Comrade Chika Idoko, a candidate for the African Democratic Congress (ADC) in the 2023 Nigerian general election, has filed a petition with the Chief Justice of the Federation and the National Assembly against one Abubakar Babasoro Esq, the Deputy Court Registrar 2 (DR2) of the Supreme Court of Nigeria, accusing him of impeding his appeal in a case between himself and the Enugu State Chapter of the Peoples Democratic Party.
After the PDP primaries in 2022, Comrade Idoko went to court to have all PDP candidates in the state disqualified since the party had not submitted its membership registration within the required time frame of 30 days prior to holding its primary, as required by the Electoral Act.
The Federal High Court in Enugu, where the case was initially heard, ruled that the petitioner lacked jurisdiction because he was neither a member of the PDP nor a candidate in the party’s primaries, despite the fact that he had successfully demonstrated that the party had not complied with the relevant provisions of the Act in the conduct of its primaries.
Dissatisfied, Comrade Idoko appealed the decision and was again found guilty and sentenced to pay N37 million in general damages to the respondents.
Now that the lawsuit has reached the highest court, Idoko claims that Messrs. Babasoro are deliberately delaying the case.
“My Lord, I seek your intervention to save me considering the fine of 37 million Naira imposed on me by the Court of Appeal,” he prayed, “considering the ruling of the Federal High Court that the PDP Enugu State truly violated the Electoral Act as a result of their failure to Submit their Party Register within the lawfully specified time frame of 30 days to their Party Primary Elections.”
The petitioner, who said he had written three previous reminders to the Supreme Court, complained to the CJN in a letter seen by our correspondent that the DCR2 Litigation and other Court staff have “served as clogs in the wheel of the progress of my matter which occasioned a great injustice to me.”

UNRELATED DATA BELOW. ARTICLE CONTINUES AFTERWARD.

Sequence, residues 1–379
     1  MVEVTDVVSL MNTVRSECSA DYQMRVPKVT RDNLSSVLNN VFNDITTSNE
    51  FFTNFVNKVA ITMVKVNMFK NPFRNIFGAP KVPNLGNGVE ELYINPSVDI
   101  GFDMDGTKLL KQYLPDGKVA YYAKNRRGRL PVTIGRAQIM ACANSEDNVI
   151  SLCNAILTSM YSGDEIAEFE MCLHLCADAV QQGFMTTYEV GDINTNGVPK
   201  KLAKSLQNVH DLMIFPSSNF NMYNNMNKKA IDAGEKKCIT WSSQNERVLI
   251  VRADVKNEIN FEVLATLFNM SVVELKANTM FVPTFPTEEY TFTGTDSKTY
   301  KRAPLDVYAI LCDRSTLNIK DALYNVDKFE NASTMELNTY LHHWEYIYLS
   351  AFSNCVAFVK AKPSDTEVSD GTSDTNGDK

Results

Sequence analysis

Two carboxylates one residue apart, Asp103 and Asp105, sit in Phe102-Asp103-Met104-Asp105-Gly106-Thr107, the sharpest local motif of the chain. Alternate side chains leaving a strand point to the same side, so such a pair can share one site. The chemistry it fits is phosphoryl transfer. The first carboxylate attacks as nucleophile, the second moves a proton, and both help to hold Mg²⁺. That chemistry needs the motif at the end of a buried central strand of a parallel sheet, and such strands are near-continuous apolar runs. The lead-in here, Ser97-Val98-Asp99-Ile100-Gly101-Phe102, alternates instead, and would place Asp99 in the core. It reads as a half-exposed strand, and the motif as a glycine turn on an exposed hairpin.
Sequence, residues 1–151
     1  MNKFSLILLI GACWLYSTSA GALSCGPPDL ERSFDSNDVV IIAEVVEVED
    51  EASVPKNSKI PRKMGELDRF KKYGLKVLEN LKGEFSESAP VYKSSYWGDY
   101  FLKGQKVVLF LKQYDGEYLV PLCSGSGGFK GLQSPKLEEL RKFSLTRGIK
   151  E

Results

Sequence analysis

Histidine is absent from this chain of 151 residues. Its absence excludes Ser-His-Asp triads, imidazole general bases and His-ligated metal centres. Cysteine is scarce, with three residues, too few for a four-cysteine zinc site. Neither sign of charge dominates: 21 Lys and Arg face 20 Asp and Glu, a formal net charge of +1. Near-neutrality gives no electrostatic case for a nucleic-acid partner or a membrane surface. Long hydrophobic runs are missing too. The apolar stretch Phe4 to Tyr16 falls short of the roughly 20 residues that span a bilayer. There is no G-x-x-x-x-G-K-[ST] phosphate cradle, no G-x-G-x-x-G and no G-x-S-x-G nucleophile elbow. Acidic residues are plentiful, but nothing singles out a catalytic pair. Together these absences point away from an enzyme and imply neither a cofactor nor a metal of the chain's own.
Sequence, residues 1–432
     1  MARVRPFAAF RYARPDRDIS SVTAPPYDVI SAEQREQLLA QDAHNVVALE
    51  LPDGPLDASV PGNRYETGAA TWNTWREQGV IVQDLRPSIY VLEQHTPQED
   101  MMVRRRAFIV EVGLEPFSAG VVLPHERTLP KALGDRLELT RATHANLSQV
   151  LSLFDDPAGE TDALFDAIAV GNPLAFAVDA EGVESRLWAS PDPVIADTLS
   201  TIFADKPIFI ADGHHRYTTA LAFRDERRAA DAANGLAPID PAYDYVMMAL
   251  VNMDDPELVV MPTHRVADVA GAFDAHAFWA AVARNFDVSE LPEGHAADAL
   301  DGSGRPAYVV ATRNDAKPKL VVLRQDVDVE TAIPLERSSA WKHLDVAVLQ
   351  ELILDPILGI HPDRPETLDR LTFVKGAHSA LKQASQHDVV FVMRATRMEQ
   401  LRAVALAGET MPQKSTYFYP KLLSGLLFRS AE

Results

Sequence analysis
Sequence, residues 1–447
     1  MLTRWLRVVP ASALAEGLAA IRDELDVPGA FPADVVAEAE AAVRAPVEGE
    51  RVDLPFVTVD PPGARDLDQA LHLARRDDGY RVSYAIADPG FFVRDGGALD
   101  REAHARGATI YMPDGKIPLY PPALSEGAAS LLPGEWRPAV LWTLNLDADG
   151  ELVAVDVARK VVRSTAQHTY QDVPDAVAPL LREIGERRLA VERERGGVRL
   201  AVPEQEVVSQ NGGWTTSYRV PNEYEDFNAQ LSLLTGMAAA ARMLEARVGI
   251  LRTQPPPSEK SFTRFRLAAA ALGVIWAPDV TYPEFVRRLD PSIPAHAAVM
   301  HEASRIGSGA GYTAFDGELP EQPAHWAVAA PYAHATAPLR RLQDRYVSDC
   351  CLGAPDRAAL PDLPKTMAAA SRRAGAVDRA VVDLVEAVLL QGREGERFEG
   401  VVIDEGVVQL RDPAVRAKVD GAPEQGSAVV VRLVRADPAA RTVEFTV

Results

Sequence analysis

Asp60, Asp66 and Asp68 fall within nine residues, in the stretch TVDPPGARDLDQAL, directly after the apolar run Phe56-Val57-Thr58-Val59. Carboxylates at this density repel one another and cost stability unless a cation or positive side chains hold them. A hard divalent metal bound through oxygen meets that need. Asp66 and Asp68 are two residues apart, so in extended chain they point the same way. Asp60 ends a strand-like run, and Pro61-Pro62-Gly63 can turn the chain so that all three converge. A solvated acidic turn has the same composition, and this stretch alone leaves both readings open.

He claimed that he had followed all the Supreme Court’s rules to the letter, therefore he was confused as to why the court’s administrators had declined to schedule a hearing on his case, which involved a controversy around an upcoming election.
In part, the letter read, “My Lord, I seek your intervention to save me considering the fine of 37 million Naira imposed on me by the Court of Appeal, even after they agreed with the ruling of the Federal High Court that the PDP Enugu State truly violated the Electoral Act by failing to Submit their Party Register within the lawfully specified time frame of 30 days to their Party Primary Elections.”
Comrade Idoko wrote to the Speaker of the House of Representatives to complain that he had not heard back from the Supreme Court despite sending two reminder letters on July 25 and August 3, 2023. His initial letter had been dated June 5.
The following is a partial excerpt from the petition presented in plenary by Hon. Chidi Mark Obetta, who represents the Nsukka/Igbo Eze South Federal Constituency:
Justice postponed is justice denied, Mr. Speaker. The Supreme Court’s DCR2 Litigation (Mr. YUSUF ABUBAKAR BABASORO Esq) and other Court employees have been a constant source of frustration for me, and I have voiced my frustration with them on multiple occasions.
I have followed every rule in the Supreme Court’s Rules of Procedure to the letter, and my case has never been scheduled for a hearing.
Dear Mr. Speaker, On August 1, 2023, I wrote to the CJN’s office after being told by DCR2 Litigation that the two letters (dated June 20 and July 5) minuted to his office were lost and that I would have to wait indefinitely for their recovery.
“Hon. Speaker Sir, assuming without conceding that those two letters were truly missing from his desk, what then happened to the final letter dated 1st August 2023, which was received in DCR2’s office on 4th of August, 2023, and which he has also continued to ignore acting on, contrary to My Lord’s instructions. That letter has been sitting on his desk for well over two months now.
To have to suffer because the Court officials did not do their legal jobs would be a miscarriage of justice in my eyes as a Nigerian. It goes without saying that a litigant shouldn’t have to pay for their lawyer’s mistakes, and the same goes for the judges and clerks who work on the case.
Dear Mr. Speaker, If you can help me out, I would greatly appreciate it. The Court of Appeal upheld the Federal High Court’s verdict and imposed a punishment of 37 million Naira on me. By failing to submit their Party Register within the legally required 30 days before their Party Primary Elections, the PDP in Enugu State broke the Electoral Act.
For the sake of enhancing Nigerian law, I was dissatisfied with the outcomes in both the Federal High Court and the Appeal Court, therefore I urged that Nigeria’s highest court have the ultimate say.